Formulas:

Percentage return=(capital gain+dividend)/(initial share price)

Dividend yield=dividend/(initial share price)

Capital gain yield=(capital gain)/(initial share price)

1+real rate of return=(1+nominal rate of return)/(1+inflation rate)

Variance=average of squared deviations around the average

Standard deviation=square root of variance

Portfolio rate of return=(fraction of portfolio in first asset*rate of return on first asset)+(fraction of portfolio in second asset*rate of return on second asset)

Questions:

Provide an answer, example, or explanation for the following items:

Provide an example of systematic risk

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Provide an example of unsystematic risk
Explain the risk premium for investments
Explain why someone might be willing to invest in treasuries, given that the average return to treasuries has been lower than that of equities.
Which would likely provide greater diversification benefits, adding a third stock to a portfolio of two, or adding a 50th stock to a portfolio of 49? Why?
Explain why adding international equities might offer diversification benefits relative to a purely domestic portfolio.
Consider a stock’s percentage return. A stock is selling on January 1 for $40/share. At the end of the year, it pays a dividend of $2/share and sells for $44.
What is the total rate of return on the stock?
What are the dividend yield and capital gain yield?
Now suppose the year-end stock price, after the $2 dividend is paid, is $36. What are the percentage return, the dividend yield, and the capital gain yield in this case?
Consider the expected return formula and calculation.
An asset will return either 10% with probability 0.3 or 20% with probability 0.7. What is the expected return?
There is a 0.3 probability that a bond will default. In the event of default, the bond will be worth $25. If the bond does not default (probability = 1-0.3=0.7) then it will be worth $100. The bond is currently trading for $90. What is the expected return?
A bond investor is considering an investment. The investor believes that there is a 10% chance that the bond will completely default and be worth zero. There is a 90% chance that the bond will return its full par value of $100. Given this risk, the investor requires an 8% expected rate of return. How much will the bond investor be willing to pay for the bond today?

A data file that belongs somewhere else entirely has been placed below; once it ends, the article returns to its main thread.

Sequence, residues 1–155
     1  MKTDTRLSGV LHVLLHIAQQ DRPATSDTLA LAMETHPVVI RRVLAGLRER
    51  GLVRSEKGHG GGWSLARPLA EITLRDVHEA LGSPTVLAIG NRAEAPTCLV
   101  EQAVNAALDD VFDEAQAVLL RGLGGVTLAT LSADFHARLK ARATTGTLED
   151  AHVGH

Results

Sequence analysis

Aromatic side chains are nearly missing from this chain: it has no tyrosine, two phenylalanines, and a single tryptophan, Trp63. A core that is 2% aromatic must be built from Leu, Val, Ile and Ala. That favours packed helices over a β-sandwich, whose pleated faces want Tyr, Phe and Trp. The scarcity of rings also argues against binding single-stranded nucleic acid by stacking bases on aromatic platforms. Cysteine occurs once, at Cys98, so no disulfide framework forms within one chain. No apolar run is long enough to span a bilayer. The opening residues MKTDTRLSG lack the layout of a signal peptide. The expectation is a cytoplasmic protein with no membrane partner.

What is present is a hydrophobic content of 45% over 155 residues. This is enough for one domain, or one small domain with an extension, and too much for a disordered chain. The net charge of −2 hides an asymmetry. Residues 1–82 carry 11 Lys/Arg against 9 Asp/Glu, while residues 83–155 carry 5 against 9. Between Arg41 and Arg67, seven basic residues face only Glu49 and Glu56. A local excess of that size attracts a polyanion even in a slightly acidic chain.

Explain what would happen to the bond price if the investor required a greater or lower expected rate of return.
An entrepreneur is requesting a loan of $100 today. The bank forecasts that the startup has a 20% chance of failure, in which the venture would be worth only $50 in salvage value. The bank also forecasts that there is an 80% chance of success in which case the venture would be worth $500. The bank requires a 10% expected rate of return in order to offer the loan. How much must the entrepreneur promise to repay in the good state (success) such that the bank may realize the expected return?
What would happen to the promised repayment if the probability of failure increased?
The common stock of Leaning Tower of Pita, a restaurant chain, will generate payoffs to investors next year, which depend on the state of the economy, as follows: an $8 dividend and $240 stock price in the event of a boom, a $4 dividend and $90 stock price in the event of a normal economy, and no dividend and a $0 stock price in the event of a recession. Assume all states are equally likely. The stock is selling for $80 today. What is the expected return and standard deviation of the return to the shareholders?
The common stock of Escapist Films sells for $25/share and offers the following payoffs next year: $0 dividend and $18 stock price in a boom, $1 dividend and $26 stock price in a normal economy, and a $3 dividend and $34 stock price in the event of a recession.
Calculate the expected return and standard deviation
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Calculate the expected return and standard deviation of a portfolio that is invested equally in both Escapist Films and Leaning Tower of Pita.

Sample Solution

However, it is of great importance for firms to obey to specific criteria in order for them to be in fact considered “multinational”. It is true, that the improvement of technological equipment, transportation of products and development of production processes and communications play a great role in the consideration of a company as “multinational”. Neil H. Jacoby proposes that a multinational corporation evolves from six stages. The first stage is exporting its products to foreign countries. In fact, when a country wants to get involved with another country’s market (market share), the government of the first country subsidizes a small company in the second country (country of interest) so as to increase its incomes. This phenomenon is called joint venture exporting and can be more specifically described as the procedure of producing goods in one country and selling them in another one. This procedure is linked to the first stage Jacoby described. Following the procedure of exporting, firms become multinational, increasing their profits and contributing to the outcome of the world’s economy and GDP. The second stage involves establishing sales organizations abroad. The next stage involves “Licenses use of its patent and know-how to foreign that make and sell its products”. This process is called “licensing” and it can be the procedure of “w>

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